[FR] C8 ordered to respect human dignity and control its programmes

IRIS 2024-4:1/13

Amélie Blocman


During the programme Touche pas à mon poste broadcast on C8 on 5 February 2024, a female studio guest spoke about a rape that she said she had suffered. Clearly vulnerable, she was questioned for around 20 minutes about a highly traumatic episode in her life. Even when she found it difficult to continue speaking, the programme presenter and pundits continued to ask her questions, some of which were intrusive, for around six minutes. Despite the guest’s obvious despair and distress, the editor failed to cut the interview short or even stop it temporarily to give her time to compose herself.

The Autorité de régulation de la communication audiovisuelle et numérique (the French audiovisual regulator – ARCOM) considered that interviewing someone who was clearly distressed and vulnerable in this way, without taking any precautions, especially in a programme broadcast during peak viewing hours, contravened the broadcaster’s obligation to respect human dignity, which applied even if the person had consented to the questioning. Moreover, the images of her naked, bruise-covered body with her private parts slightly blurred, along with the intrusive questions she was asked in a blunt and forthright manner throughout the 20-minute sequence, were humiliating. Finally, even though the guest was visibly traumatised, the people in the studio continued to question her, asking her to reveal details of the attack, her addictions and her private life, which amounted to a form of indulgence in accounts of her suffering.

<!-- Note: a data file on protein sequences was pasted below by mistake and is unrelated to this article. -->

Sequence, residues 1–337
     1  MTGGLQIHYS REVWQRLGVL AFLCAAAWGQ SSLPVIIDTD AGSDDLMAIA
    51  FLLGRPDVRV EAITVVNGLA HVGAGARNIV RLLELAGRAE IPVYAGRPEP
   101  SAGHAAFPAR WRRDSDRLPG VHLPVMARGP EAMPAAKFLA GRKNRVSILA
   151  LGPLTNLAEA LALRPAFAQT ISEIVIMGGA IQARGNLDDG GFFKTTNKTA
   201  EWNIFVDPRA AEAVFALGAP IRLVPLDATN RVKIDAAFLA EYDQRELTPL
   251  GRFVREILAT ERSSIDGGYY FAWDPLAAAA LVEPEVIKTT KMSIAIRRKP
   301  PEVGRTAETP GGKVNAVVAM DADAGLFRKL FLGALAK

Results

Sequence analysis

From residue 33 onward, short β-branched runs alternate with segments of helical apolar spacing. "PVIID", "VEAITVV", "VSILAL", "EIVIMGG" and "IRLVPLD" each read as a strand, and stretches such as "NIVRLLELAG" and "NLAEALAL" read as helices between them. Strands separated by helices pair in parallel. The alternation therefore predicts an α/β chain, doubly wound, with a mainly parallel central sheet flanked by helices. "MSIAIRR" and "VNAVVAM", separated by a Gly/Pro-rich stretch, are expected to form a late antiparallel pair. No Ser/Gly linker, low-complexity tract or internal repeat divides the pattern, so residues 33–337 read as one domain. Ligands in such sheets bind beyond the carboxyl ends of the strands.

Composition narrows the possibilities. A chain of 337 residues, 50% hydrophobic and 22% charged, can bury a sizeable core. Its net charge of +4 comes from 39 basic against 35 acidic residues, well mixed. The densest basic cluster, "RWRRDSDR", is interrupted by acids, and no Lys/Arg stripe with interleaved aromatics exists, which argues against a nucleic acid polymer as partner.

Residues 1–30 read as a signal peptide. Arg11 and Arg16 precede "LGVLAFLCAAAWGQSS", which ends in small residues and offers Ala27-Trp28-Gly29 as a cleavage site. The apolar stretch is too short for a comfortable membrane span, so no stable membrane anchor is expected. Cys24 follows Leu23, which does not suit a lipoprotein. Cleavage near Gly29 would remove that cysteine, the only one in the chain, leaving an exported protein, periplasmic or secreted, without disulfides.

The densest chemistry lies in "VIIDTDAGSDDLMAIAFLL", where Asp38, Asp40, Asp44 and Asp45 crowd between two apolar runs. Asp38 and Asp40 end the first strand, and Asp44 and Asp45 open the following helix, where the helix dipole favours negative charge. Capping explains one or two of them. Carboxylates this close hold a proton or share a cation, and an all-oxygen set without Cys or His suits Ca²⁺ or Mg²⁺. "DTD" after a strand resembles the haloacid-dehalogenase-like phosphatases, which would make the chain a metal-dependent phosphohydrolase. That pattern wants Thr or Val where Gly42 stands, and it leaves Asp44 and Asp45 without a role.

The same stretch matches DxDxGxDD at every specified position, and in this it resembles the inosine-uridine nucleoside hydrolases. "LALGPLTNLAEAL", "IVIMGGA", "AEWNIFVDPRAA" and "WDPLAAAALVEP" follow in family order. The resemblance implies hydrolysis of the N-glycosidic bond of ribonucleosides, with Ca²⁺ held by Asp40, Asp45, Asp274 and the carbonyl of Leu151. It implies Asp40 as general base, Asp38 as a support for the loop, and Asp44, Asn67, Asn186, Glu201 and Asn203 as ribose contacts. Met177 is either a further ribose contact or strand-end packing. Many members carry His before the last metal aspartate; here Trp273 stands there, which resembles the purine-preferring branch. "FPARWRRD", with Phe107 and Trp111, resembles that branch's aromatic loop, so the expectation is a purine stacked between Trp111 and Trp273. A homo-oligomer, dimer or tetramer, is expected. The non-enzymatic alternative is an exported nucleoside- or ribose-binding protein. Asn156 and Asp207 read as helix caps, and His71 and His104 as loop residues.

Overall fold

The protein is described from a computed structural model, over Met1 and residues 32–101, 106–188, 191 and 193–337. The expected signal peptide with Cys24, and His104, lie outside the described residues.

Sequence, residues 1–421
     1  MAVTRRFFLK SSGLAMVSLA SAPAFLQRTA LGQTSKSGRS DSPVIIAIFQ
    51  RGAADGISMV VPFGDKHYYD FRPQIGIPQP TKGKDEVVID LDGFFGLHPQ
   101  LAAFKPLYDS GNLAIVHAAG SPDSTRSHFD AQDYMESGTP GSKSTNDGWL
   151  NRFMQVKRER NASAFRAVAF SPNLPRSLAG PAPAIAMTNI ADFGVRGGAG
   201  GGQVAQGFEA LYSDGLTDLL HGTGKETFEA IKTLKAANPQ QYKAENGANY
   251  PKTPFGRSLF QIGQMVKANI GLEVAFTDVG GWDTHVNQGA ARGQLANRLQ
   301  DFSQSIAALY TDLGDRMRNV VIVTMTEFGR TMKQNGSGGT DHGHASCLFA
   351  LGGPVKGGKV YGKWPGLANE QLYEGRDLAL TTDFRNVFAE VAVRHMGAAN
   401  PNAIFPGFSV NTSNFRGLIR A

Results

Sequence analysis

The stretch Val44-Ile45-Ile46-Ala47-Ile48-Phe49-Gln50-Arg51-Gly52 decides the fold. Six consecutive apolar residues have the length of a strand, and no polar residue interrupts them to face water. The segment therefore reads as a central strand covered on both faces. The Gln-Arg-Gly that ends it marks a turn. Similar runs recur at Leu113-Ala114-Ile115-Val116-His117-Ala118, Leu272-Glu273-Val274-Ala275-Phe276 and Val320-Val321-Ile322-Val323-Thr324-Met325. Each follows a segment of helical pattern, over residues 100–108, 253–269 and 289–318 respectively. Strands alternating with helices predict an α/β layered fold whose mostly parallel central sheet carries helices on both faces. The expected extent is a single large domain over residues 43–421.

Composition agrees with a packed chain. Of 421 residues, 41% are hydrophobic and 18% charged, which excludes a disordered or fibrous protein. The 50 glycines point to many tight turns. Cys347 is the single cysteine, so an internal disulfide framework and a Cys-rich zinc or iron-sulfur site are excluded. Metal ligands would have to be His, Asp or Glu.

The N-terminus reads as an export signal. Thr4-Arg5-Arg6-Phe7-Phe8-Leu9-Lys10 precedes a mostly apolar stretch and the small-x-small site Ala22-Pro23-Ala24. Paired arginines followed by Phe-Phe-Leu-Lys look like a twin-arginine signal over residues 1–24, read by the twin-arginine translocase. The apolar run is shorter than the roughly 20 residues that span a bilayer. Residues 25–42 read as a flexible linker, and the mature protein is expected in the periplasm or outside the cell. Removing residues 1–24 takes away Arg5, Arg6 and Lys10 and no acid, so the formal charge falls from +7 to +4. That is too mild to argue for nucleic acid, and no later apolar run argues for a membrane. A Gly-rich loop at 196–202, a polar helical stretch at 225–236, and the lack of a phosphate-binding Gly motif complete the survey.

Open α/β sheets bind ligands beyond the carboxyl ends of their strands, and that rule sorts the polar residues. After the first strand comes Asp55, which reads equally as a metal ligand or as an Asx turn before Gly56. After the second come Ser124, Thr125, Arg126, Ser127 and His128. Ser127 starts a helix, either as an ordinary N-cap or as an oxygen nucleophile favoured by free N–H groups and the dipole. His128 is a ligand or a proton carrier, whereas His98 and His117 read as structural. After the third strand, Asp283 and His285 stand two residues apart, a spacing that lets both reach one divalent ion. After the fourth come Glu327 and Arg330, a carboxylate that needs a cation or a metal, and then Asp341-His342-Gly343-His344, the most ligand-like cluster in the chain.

ARCOM ruled that the broadcaster had breached Articles 1 and 15 of the Law of 30 September 1986 and Article 2-3-4 of the channel’s licence agreement, under which it “must not broadcast any programme that infringes human dignity as defined by law and case law" and that is must "ensure in particular that restraint is applied to the transmission of images or words that are likely to humiliate people […] and avoid indulging in accounts of human suffering”.

ARCOM also noted that the broadcaster, even though it had invited the guest to appear in the programme in question and must have been aware that she was extremely vulnerable, decided to broadcast the interview live during peak viewing hours, immediately after showing a video depicting the difficulties she had experienced. It also took into account the images that had been knowingly broadcast and the decision to continue the interview even though the guest was so traumatised she could hardly speak. The broadcaster had therefore breached its licence agreement by failing to control programme content.

ARCOM therefore issued a formal notice to C8, requiring it to comply, firstly, with Articles 1 and 15 of the Law of 30 September 1986 and, secondly, with its licence agreement.


This article has been published in IRIS Legal Observations of the European Audiovisual Observatory.